The Bank of England has dashed hopes of a cut to interest rates any time soon, but experts said they still believe lower borrowing costs are on the cards next year as the economy falters.
Bank governor Andrew Bailey said cuts were not even under consideration in the Monetary Policy Committee’s latest meeting, stressing that rates will need to remain higher for longer – and may even need to rise further if inflation fails to come back to target.
The latest forecasts in the Bank’s Monetary Policy Report show the economy is slowing after the recent near two-year run of rate hikes, with the economy skirting with a recession next year as the Bank downgraded its forecast to zero growth in 2024.
Samuel Tombs, from Pantheon Macroeconomics, said he still expects the Bank to cut rates next year, with signs that the jobs market is already cooling “considerably”.
He said: “We are sticking with our forecast that the MPC (Monetary Policy Committee) will reduce Bank Rate by 75 basis points next year, with the first 25-basis-point-cut coming in May.
“Guidance based on the MPC’s forecasts – which committee members have admitted are less meaningful than usual and which are under review due to recent large errors – shouldn’t count for much.
“The MPC is currently reactive and backward-looking, and its stance will shift, potentially quickly, as the economic data change.”
Mr Tombs added that even if the Bank does cut rates modestly in 2024, monetary policy would still be effectively tightening as homeowners come off fixed deals and have to refinance at higher interest rates.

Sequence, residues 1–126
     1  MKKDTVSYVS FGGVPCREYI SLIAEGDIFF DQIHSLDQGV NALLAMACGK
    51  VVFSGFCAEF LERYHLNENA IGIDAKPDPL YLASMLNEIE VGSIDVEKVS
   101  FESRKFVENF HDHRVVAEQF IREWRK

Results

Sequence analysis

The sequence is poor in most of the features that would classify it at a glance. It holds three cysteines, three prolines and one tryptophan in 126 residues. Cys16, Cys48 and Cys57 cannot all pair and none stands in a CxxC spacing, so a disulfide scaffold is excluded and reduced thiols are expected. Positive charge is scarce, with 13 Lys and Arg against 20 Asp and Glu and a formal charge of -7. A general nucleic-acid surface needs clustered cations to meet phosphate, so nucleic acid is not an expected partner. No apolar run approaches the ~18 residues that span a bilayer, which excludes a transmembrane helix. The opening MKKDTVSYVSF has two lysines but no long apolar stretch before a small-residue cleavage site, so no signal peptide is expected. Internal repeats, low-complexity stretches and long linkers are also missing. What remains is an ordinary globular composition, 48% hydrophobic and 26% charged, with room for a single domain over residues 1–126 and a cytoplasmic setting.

ING’s economist James Smith said the Bank appeared keen to push back against financial market expectations for two rate cuts in 2024.
He said: “As has been clear since the start of the summer, this is a central bank whose overriding goal now is to convince investors that it won’t need to cut rates for a significant period of time.
“However, we believe markets are right to be thinking about rate cuts from next summer.
“As the Bank itself acknowledges, much of the impact of past tightening is still to hit the economy.”
With inflation set to ease back sharply next year, Mr Smith said “we’re forecasting a gradual easing cycle that takes Bank Rate back to just above 3% by the middle of 2025”.
Martin Beck, EY Item Club’s chief economic adviser, said “it will be increasingly hard for the MPC to justify keeping rate cuts off the agenda”.
He is predicting the first rate cut in May next year, which would be the first for four years at that point, as inflation falls rapidly and the economy flatlines in 2024.
Mr Beck said: “The economy appears to be increasingly feeling the impact of the past rises in interest rates, with, at best, a period of stagnation likely over the next few quarters.
“On that note, the Bank of England’s latest estimate is that half of the impact of higher interest rates on the level of GDP is still to come through.”